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'Noah' Short Take Review

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Noah

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Darren Aronofsky doesn't play by the rules. That's another way of saying he's a lot like the characters he writes - hard-headed types characterized by their obsessive nature - whether it's finding life’s answers via mathematical codes ("Pi"), discovering the secret to eternal life ("The Fountain"), drug addiction ("Requiem for a Dream"), or achieving artistic perfection ("The Wrestler," "Black Swan"). Noah, the titular character at the center of his big-budget retelling of the Biblical tale of the great flood, isn't any different. He's a driven yet conflicted man, maddeningly devoted to the directives sent down by his Creator. It's a difficult character to stand by but Russell Crowe, who hasn't had a role this interesting since... Lord knows how long… finds the soul under the craziness, breathing empathy into his psychosis.

As for the film itself? In true Aronofsky fashion, it's wildly inconsistent; moments of spellbinding cinema are cancelled out by bouts of bombast, over-seriousness and bizarre fantasy. Among the highlights – the dream sequences, the depiction of the great flood itself, and a remarkable time-lapse/stop-motion sequence envisioning the creation of the universe. The fact that Aronofsky manages to wrap all of the film's theological themes (violence, the environment, the dual nature of man) neatly into one two-minute scene is astounding.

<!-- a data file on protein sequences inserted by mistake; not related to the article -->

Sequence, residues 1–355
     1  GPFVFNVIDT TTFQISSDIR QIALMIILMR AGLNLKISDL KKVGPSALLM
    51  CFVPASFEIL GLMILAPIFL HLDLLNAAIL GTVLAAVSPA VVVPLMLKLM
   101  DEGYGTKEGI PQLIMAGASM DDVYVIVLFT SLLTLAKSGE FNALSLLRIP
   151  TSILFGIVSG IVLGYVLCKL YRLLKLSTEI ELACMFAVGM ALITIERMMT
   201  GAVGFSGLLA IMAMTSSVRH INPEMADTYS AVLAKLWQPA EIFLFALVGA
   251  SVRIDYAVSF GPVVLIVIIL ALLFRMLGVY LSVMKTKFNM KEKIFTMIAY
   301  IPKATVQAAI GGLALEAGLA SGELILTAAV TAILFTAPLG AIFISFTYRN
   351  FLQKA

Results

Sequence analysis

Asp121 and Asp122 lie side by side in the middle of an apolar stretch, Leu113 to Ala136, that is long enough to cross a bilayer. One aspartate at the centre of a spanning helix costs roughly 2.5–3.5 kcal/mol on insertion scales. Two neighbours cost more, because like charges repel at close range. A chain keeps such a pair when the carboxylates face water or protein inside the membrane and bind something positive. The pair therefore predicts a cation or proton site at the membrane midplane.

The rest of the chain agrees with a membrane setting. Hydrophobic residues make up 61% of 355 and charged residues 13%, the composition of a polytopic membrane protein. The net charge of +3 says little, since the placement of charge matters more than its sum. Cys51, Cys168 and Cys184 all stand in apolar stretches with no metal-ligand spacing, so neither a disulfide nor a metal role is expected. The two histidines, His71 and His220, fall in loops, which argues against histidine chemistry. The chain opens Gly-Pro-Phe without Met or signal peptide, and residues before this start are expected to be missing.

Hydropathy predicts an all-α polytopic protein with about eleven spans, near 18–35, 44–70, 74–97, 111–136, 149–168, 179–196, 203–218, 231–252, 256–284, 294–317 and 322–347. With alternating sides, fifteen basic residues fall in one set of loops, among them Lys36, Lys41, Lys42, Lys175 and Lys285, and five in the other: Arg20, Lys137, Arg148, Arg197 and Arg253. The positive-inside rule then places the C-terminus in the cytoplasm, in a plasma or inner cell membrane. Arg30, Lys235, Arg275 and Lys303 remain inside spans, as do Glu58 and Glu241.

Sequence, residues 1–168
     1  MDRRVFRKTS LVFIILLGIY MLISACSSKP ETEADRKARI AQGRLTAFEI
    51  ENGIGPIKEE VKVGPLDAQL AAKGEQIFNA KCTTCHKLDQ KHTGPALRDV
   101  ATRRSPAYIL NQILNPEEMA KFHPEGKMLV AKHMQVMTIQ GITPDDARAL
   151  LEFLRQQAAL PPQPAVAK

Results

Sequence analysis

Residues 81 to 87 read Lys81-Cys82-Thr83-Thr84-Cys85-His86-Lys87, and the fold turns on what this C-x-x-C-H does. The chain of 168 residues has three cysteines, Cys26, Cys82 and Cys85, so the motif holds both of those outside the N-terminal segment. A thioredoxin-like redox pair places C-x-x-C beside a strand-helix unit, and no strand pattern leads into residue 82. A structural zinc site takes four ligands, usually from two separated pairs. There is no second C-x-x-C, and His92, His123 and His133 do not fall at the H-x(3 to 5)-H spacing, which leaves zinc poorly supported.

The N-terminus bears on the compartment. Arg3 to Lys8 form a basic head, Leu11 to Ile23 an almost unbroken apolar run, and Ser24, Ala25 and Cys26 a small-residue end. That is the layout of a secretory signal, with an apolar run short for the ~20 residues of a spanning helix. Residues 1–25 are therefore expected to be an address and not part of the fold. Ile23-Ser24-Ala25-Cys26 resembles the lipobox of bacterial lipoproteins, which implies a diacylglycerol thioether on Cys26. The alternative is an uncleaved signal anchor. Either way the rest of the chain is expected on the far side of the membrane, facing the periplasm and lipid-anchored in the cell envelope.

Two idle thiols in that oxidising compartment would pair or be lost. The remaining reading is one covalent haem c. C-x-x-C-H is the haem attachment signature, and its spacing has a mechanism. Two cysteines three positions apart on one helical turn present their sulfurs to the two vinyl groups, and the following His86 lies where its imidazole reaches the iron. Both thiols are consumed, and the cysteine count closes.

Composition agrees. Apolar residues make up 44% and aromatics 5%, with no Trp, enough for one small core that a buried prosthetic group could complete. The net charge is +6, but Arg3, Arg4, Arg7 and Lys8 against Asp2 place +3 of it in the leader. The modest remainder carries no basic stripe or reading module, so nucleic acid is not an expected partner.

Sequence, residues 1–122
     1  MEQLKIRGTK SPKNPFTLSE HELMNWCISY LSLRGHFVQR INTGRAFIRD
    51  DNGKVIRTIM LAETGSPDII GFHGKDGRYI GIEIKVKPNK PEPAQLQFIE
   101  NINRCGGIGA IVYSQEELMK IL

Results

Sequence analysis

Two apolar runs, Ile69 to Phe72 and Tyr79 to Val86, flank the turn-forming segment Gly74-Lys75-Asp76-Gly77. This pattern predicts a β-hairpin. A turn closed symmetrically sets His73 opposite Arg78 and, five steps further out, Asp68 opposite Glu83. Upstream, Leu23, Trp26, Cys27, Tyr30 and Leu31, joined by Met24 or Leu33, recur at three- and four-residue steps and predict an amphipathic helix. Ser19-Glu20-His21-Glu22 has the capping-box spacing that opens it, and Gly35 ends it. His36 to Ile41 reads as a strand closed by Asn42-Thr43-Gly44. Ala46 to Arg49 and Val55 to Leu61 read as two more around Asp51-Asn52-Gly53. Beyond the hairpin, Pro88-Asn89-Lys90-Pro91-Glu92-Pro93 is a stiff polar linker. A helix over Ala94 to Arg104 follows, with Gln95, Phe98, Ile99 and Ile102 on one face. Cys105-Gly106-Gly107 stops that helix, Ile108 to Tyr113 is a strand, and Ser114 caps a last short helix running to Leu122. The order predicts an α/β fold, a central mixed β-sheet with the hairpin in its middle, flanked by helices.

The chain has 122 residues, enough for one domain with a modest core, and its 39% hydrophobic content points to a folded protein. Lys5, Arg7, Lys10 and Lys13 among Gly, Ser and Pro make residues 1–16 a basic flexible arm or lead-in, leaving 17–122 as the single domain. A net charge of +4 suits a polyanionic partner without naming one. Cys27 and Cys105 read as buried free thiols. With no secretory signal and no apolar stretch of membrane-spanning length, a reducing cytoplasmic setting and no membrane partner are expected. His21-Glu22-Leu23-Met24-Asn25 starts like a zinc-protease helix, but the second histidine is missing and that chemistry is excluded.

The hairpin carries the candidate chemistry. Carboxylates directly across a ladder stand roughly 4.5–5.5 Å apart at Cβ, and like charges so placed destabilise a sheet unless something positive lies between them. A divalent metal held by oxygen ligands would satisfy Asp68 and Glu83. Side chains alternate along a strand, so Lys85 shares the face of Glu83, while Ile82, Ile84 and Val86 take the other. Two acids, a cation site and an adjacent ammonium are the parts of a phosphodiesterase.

But a film also needs to engage on the primal level and while Aronofsky deserves plaudits for playing on such a broad canvas, his reach exceeds his grasp in the storytelling department. Much of the post-flood drama is flaccid. For example, the drama stemming from the relationship between Noah and his son Ham (played by Logan Lerman) is not capitalized on. You’ll never hear Aronofsky admit it but the film’s very Hollywood structure i.e. its decision to include a stock antagonist in Ray Winstone’s largely unnecessary Tubel-Cain character suggests that Aronofsky had to compromise his vision in exchange for a bigger budget from his overlords at Paramount. As a result, the film feels like it’s holding back from making the leap to a truly great motion picture. Then again, successfully transitioning from independent cinema to corporate blockbuster cinema is a gift very few filmmakers possess (Christopher Nolan is an example).

Mixed bag of potatoes it may be but no one can say it lacks ambition. I'd rather have an epic that has the audacity to retell an old story as a vessel to tackle contemporary themes than another corporate piss rehash. Although the more devout of Christians may find its fantastical elements (those rock monsters called "Watchers") and Noah's zealousness bordering on the sacrilegious, there's enough things bubbling under the surface here that merits a watch. If there’s anything to take away from this experience, it’s that Aronfosky has the cojones the size of Colorado.

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